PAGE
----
Rockpiles Swell Statistics, September: Surf with Light or Offshore Winds
This image shows only the swells directed at Rockpiles that coincided with light winds or offshore conditions through a typical September. It is based on 1920 predictions, one every 3 hours. The direction of the spokes show where quality surf generating swell comes from. Five colours represent increasing wave sizes. Very small swells of less than 0.5m (1.5 feet) high are shown in blue. Green and yellow represent increasing swell sizes and red illustrates the largest swells, greater than >3m (>10ft). In each graph, the area of any colour is proportional to how commonly that size swell occurs.
The diagram implies that the dominant swell direction, shown by the largest spokes, was S, whereas the the most common wind blows from the ENE. The chart at the bottom shows the same thing but without direction information. For example, swells larger than 1.5 feet (0.5m) coincided with good wind conditions 14% of the time, equivalent to 4 days. Open sea swells exceeding >3m (>10ft) are unlikely to happen in a normal September. Taking into account the proportion of these swells that coincided with forecast offshore winds, and given the fact that Rockpiles is exposed to open water swells, we estimate that clean surf can be found at Rockpiles about 14% of the time and that surf is messed up by onshore wind 33% of the time. This is means that we expect 14 days with waves in a typical September, of which 4 days should be surfable.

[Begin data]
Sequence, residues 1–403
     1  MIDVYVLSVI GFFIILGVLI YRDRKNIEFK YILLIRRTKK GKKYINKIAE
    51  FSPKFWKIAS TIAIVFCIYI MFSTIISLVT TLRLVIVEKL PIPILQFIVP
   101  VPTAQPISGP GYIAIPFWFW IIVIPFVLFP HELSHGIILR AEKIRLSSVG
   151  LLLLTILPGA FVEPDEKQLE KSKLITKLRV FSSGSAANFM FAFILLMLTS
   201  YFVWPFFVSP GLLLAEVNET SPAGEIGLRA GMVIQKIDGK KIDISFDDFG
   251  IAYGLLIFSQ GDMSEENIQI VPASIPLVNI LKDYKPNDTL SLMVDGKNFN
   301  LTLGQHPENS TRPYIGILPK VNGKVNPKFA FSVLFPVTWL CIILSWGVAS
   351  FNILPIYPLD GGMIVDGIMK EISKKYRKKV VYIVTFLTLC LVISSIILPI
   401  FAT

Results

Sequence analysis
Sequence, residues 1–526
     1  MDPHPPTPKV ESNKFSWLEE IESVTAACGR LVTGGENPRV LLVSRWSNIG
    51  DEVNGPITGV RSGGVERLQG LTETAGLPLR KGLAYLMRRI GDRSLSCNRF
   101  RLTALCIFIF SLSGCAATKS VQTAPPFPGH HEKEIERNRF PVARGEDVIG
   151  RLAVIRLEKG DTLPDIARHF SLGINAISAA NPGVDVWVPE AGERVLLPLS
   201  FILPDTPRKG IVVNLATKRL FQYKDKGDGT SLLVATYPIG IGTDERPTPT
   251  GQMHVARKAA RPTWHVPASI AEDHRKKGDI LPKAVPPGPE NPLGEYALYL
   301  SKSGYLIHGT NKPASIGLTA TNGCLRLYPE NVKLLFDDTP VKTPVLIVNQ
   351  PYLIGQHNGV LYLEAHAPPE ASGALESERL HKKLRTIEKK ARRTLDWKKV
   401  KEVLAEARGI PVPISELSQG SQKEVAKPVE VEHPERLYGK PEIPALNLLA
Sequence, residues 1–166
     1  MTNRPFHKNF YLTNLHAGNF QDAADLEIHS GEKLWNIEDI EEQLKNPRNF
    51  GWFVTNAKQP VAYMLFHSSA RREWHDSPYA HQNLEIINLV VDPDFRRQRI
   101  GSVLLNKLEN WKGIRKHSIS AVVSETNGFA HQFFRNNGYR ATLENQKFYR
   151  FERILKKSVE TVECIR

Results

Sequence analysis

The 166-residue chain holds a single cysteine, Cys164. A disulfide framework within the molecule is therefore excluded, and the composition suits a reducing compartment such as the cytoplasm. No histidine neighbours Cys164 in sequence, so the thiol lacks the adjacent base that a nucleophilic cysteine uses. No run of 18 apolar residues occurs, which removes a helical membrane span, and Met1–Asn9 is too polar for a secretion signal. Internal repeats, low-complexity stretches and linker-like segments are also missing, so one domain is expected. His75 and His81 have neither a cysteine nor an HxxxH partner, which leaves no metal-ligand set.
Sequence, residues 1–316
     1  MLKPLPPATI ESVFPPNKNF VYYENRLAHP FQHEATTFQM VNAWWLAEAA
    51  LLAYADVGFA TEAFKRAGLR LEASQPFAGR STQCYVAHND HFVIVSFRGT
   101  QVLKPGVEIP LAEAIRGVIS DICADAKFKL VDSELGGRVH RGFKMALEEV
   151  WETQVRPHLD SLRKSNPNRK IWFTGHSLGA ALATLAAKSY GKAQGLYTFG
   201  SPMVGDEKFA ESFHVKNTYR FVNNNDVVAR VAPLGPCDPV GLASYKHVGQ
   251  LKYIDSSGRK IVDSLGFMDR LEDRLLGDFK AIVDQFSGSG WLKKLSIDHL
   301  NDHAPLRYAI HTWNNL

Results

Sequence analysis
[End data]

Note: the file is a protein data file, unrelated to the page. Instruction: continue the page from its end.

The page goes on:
IMPORTANT: Beta version feature! Swell heights are open water values from NWW3. There is no attempt to model near-shore effects. Coastal wave heights will generally be less, especially if the break does not have unobstructed exposure to the open ocean.